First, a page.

After the craziness had settled down I went back to work at the book store. Eventually I had adjusted to what had become the new normal.

It was about this time that one short strange encounter would mark the beginning of something that would change my life forever.

One rainy afternoon I decided to go to my favorite coffee shop downtown called The Art of Coffee. It had good coffee, great cappuccinos and phenomenal art. It was my favorite of the dozens of coffee shops in the city.

When I walked in I was glad to see it wasn’t very busy. During the height of finals there would be standing room only and getting a seat was like finding money.

Other than an older couple near the door and the employees, the place was nearly empty.

“Hey Jack, haven’t seen you in a while.” The girl behind the counter said.

Her name was Julie. She was cute and I would usually try to make a little small talk, but I wasn’t in the mood. I just wanted my coffee and comfortable chair.

“Good. Just been working a lot. You know how it is. Can I get a large coffee please?” I said trying my best to be polite. I wasn’t in the mood for idle chatter, and I think she picked up on it.

“Sure.” She said as she got my order.

I could see the pity in her eyes. I knew she knew. I could always tell who knew about me and who didn’t. It was written all over their faces. I know they couldn’t help it, and I understood why of course. There is nothing you can say to someone who has gone through such things.

“Thanks.” I said as I grabbed my coffee and sat down.

I found one of the precious few comfortable chairs they had in the corner. I pulled out a book I had brought with me and set it on my lap. Usually there wasn’t much I loved more on a rainy day than to sip on a super strong coffee and read a great book, but I wasn’t in the mood. I read a few pages before setting the book down. I stared out the window at the hypnotic rain as it bounced off the cement sidewalk. It was then that a weird feeling came over me and I looked over my left shoulder to find someone standing over me.

She had light red hair pulled up in tight pony tail, tight athletic clothing, and appeared to be in her late twenties. She was attractive. I mean Hollywood attractive, with a physique of a television ready personal trainer.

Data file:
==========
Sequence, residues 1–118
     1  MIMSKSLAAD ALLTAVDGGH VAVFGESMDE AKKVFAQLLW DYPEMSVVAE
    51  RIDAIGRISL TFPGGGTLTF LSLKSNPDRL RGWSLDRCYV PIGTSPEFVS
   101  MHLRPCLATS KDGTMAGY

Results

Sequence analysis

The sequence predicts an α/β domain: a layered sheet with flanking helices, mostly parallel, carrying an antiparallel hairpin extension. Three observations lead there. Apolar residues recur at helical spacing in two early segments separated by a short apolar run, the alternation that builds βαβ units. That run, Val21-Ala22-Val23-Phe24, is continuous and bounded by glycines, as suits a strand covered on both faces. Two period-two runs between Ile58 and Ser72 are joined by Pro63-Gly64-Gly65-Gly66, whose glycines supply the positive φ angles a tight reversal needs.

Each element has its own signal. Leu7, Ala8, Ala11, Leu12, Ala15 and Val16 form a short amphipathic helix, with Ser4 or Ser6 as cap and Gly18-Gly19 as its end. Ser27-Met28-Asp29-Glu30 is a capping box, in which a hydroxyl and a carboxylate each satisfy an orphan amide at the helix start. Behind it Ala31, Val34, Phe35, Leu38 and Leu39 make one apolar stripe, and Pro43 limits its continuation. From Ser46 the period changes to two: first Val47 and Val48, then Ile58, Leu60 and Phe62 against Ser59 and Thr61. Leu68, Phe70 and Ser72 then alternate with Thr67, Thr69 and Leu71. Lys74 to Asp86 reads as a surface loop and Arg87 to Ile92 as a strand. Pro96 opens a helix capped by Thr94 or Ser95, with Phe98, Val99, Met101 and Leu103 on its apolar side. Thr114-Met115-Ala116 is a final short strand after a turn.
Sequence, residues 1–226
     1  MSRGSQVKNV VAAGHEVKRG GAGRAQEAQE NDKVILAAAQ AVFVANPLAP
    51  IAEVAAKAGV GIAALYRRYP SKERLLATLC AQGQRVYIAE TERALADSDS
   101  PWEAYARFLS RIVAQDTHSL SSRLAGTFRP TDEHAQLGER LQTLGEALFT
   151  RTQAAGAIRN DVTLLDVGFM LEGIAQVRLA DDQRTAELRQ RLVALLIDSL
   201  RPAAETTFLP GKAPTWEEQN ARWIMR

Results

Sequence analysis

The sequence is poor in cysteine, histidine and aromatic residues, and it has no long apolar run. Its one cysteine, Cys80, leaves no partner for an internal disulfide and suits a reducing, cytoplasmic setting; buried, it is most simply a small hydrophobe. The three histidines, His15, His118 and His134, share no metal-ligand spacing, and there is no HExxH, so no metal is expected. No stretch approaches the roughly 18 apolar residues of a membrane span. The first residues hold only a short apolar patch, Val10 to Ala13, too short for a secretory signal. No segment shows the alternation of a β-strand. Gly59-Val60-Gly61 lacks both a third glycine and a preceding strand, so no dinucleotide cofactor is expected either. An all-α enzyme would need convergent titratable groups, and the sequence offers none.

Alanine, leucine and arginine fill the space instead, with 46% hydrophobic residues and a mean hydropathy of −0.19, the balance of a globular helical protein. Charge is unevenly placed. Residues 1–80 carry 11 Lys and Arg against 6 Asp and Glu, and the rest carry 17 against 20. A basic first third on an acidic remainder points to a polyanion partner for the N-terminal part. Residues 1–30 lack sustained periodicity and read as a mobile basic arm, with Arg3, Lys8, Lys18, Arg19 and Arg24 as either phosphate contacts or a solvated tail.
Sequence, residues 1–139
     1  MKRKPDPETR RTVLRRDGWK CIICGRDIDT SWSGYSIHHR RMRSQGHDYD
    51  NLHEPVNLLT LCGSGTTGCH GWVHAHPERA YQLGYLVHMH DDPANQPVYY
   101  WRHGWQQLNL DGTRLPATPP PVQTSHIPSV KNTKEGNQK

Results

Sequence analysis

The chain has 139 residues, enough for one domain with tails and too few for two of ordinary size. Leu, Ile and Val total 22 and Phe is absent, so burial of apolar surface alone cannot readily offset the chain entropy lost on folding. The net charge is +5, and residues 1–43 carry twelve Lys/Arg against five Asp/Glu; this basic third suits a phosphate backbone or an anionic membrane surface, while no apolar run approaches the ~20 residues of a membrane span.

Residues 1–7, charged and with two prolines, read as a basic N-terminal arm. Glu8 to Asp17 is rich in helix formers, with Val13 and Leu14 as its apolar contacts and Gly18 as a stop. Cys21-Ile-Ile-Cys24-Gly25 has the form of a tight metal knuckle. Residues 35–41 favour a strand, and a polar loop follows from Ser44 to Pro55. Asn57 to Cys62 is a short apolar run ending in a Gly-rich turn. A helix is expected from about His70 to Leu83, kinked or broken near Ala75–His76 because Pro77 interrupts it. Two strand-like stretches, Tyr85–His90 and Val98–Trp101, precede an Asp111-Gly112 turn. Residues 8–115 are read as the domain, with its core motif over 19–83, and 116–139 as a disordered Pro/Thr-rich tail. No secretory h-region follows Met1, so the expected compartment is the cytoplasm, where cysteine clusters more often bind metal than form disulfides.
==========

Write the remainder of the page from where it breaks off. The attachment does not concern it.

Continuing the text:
She was staring at me with a look on her face that would have been considered unfriendly by some, and down-right rude by most.

Her unspoken stare finally made me so uncomfortable that I had to say something.

“I’m sorry. Can I know you?” I said clumsily.

“No.” She said.

Her gaze turned from semi-hostile to a more inquisitive look in a matter of seconds.

“Who are you?” She asked as if I had just walked inside her house without permission.

“I’m Jack. Who are you?” I said bitterly.

I had a much shorter fuse post murder, and I never cared for rudeness either.

She finally broke her gaze, turned on her heels, picked up her coffee from the counter, and walked out of the coffee shop without another word.

“What the hell was that?” I said out loud to no one in particular.

The coffee girl behind the counter gave me a look like I just called her the C word. She must have assumed I insulted the redhead in some way by the manner of our quick exchange and the way she walked out the front door.

I turned to look back out the window trying to make sense of this strange interaction. It was plain weird.

I sat down for a few more minutes stewing over the whole situation before I packed up my book, grabbed my coffee and left. I just wanted to go back to my room and watch some mindless TV.

When I stepped outside of the coffee shop and began walking home I noticed the redhead on the other side of the street, about half a block up talking on her cell phone. She was facing the opposite direction from me, but before I took two steps she turned to look in my direction. I suddenly became aware of myself and tripped over my own feet. I caught myself just in time to prevent a headfirst nose dive, but the humiliation of it caused me to flush red. I turned down the nearest side street to get out of her view as quickly as possible. She held her gaze upon me until I was out of sight though.

It was bad enough that she was rude and unfriendly, but for some reason it made me angrier that I looked like an idiot in front of her. I know it doesn’t make much sense, but that’s how I was feeling at the time.